It's coming up to three years since Annie and I started this amazing journey on Annecam and we never cease to be humbled by the number of people that follow us on this adventure. From the early days in Croatia right up to the present time we keep running into people who have been inspired by what we are doing and some of them have made the move and are now sailing on their own yachts. Only a few years before we were the ones who were inspired by the blogs we were reading and the people we met in our travels, now to be the ones that are inspiring others is very humbling.
It has only been this season we have had the means to keep a track of the number of blog views and from April until now we have had over twenty thousand views. So thank you all for taking the time to read this blog and if you are thinking about doing the same all I can say is get out there and just do it.
The photo is just one of the many beautiful sunsets we encountered this last season while on passage in the Mediterranean
With thirteen days until I fly out of Australia, life will be good to be back on Annecam.
After reading a blog post by a fellow cruiser, Brian who is sailing up north of Australia, I have to say he is so right when he mentions the time we spend away from the boat does put into perspective how much we take for granted the places and the people we have spent so much time enjoying. It is the times we are not there on the boat that makes us appreciate just what we have been up to for the last seven months or so.
On Annecam we managed to sail to sixteen different Islands and countries this last season and they all had something different to offer and after seeing so many wonderful places they start to blend in with the last place we were anchored at. It is only when we are away from it all that it starts to hit home of how wonderful this cruising life really is. There is also the prices we pay for everyday things like food and fuel, for some reason we seem to be paying more than twice the price here in Australia than we did in the Med for the same items.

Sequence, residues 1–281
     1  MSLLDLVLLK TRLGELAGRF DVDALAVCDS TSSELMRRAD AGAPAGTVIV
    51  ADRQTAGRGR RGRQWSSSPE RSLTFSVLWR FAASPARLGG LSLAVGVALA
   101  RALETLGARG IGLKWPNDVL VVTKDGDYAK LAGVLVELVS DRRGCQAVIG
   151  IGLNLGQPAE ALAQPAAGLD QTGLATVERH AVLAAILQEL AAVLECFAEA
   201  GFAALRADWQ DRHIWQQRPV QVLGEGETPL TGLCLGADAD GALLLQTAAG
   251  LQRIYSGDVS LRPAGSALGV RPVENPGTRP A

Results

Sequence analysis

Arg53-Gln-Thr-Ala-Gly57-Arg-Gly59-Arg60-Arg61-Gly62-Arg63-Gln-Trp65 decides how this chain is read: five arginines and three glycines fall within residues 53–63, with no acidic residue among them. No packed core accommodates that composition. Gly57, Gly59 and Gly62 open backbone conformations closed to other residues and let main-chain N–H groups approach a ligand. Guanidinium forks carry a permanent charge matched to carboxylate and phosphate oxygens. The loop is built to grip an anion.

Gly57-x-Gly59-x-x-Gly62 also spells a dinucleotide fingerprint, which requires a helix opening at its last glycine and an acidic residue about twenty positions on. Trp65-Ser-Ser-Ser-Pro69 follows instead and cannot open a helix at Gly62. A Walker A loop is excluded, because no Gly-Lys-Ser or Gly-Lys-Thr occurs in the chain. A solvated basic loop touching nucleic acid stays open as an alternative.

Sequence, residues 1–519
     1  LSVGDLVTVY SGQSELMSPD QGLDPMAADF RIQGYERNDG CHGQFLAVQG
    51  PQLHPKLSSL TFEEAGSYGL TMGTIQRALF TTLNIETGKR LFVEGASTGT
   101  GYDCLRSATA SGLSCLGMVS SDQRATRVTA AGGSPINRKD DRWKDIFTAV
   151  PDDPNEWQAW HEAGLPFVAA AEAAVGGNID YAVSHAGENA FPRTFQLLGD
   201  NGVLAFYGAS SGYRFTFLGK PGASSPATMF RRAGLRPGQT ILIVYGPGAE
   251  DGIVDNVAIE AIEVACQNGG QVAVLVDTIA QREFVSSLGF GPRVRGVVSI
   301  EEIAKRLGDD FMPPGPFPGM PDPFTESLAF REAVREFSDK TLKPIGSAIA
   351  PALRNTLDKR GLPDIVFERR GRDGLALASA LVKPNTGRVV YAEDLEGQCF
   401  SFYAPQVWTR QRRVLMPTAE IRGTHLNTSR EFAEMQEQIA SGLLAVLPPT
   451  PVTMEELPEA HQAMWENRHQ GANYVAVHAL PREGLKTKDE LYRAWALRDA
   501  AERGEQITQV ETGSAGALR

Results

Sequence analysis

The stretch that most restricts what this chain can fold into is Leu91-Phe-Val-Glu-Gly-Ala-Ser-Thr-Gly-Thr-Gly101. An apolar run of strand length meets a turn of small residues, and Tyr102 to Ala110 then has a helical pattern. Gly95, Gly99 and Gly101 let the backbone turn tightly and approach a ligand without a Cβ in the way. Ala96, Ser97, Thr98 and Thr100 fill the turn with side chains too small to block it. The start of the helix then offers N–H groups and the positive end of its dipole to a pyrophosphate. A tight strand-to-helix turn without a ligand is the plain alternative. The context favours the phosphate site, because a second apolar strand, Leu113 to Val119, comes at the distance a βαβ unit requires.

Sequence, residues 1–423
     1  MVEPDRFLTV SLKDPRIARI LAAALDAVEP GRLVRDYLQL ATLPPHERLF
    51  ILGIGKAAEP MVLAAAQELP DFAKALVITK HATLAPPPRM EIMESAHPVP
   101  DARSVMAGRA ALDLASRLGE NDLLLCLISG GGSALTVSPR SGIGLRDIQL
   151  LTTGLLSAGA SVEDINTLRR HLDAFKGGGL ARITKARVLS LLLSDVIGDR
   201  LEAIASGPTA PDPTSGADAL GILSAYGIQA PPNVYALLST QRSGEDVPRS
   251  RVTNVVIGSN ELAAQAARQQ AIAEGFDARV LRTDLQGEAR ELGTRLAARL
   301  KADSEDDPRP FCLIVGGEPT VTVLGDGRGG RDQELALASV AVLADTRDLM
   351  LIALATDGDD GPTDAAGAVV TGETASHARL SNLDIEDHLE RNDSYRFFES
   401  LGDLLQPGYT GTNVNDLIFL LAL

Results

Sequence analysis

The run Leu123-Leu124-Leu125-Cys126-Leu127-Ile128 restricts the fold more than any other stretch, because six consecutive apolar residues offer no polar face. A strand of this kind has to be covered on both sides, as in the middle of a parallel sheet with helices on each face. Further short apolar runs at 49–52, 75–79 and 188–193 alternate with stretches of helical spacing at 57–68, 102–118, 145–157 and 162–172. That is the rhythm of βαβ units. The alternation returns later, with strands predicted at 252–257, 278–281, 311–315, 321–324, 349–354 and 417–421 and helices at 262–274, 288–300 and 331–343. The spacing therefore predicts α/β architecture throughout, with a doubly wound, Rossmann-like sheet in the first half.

Time is flying along as I now have only 15 days left here before I catch my flight back to Annecam and only 20 days before our planned departure from Gibraltar to start our Atlantic crossing, weather dependant of course. We will not be heading off to be bashed up by an Atlantic winter storm, I'm sure we will have enough tropical squalls to deal with as we approach the Caribbean, so I do not intend on getting beat up as we are leaving. If we have to wait a few more days to leave on a good weather window, so be it.
The youtube video is our passage from the Marina Di Cala Del Sole, Licata, Sicily to Malta to be hauled out, this was a rollie ride with the left over swell and almost no wind at all for the first half of the trip. The dolphin were entertaining and crossing the shipping lanes was interesting and Malta was a real eye opener for us, they even drive on the correct side of the road over there.
Life is starting to get a little busy off Annecam.
At least one of us is counting the days until the Atlantic crossing starts, it is coming around very quickly from the time that you will be reading this blog entry it will be less than 25 days until our planed crossing should start and it is only 20 days until I jump on board a plane to fly to the other side of the world to meet up will the crew and to be back on Annecam. This will give me 2 days to brief the crew, do the last minute provisioning and to check all of the systems are working before departure.
Our rough plan is for me with the help of two very competent sailors. Is to sail across the Atlantic to the Caribbean via the Canary Islands. The two crew members will then depart for their respective homes and Annie, after having a couple of months new grandson time will jump back on board sometime after to sail with me and some of our family down to the southern part of the Caribbean before the hurricane season starts. As usual all plans are subject to change because of weather, breakdowns and family issues back in Australia.